Categories > Original > Historical

The Necessity for the Complete Separation of Church and State

by xObscurexOmenx 1 review

An argument focused mostly on historical opinions/documents for the complete separation of church and state. (Sorry for the category and genre, but they were the closest possible.)

Category: Historical - Rating: PG - Genres: Drama - Published: 2008-06-16 - Updated: 2008-06-16 - 2387 words - Complete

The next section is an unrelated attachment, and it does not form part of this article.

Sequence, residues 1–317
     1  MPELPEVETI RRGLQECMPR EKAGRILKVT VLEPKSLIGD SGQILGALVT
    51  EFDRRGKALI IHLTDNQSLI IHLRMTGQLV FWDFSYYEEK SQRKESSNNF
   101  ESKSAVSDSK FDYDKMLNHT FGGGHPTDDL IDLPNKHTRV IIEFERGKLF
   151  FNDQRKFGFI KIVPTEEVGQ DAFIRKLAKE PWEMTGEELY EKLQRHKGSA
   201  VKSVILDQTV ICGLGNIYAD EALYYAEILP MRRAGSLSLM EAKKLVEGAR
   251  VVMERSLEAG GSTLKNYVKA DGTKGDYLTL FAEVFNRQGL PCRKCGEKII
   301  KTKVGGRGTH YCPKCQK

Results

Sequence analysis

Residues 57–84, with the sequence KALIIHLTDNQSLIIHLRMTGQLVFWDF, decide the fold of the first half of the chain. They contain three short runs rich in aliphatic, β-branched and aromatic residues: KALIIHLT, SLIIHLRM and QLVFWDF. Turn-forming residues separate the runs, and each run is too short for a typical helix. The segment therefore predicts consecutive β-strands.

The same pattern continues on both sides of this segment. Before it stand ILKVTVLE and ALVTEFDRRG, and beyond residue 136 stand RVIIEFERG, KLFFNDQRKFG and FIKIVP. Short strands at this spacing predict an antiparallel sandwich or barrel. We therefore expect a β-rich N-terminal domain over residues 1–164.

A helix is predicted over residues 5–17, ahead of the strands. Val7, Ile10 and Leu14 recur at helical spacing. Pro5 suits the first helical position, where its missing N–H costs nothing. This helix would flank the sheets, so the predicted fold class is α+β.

Our current president, George W. Bush, is known for being religious. He has been quoted saying that “God told [him] to strike at al Qaeda,” and “God want[ed] [him] to run for President.” He has called the war on terrorism a “crusade.” When he was the governor of Texas, he created a state-wide “Jesus Day.” In 2001, he talked of the “bridge between church and state” (“Big List of George W Bush Quotes”). The problem? He is tampering with our nation’s history. He is destroying what the Founding Fathers outlined in the Constitution, and he is the president of the United States—and he’s not the only one who thinks this way. In the last decade, the religious right has gained a foothold in American politics and have been forcing through legislation that, if passed, would slowly destroy the separation of church and state. Despite the First Amendment, the intentions of the Founding Fathers, and the obvious corruption that a merging of government and religion would bring—all of which give very good reasons for a complete separation of church and state—these people still claim that the nation’s government is entwined with religion.